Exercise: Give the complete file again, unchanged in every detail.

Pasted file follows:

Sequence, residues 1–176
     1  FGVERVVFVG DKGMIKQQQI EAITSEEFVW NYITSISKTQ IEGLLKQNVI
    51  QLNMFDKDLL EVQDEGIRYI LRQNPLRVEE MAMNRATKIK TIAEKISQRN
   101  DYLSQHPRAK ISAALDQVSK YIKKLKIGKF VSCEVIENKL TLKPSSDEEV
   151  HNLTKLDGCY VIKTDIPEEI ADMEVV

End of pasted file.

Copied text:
Sequence, residues 1–176
     1  FGVERVVFVG DKGMIKQQQI EAITSEEFVW NYITSISKTQ IEGLLKQNVI
    51  QLNMFDKDLL EVQDEGIRYI LRQNPLRVEE MAMNRATKIK TIAEKISQRN
   101  DYLSQHPRAK ISAALDQVSK YIKKLKIGKF VSCEVIENKL TLKPSSDEEV
   151  HNLTKLDGCY VIKTDIPEEI ADMEVV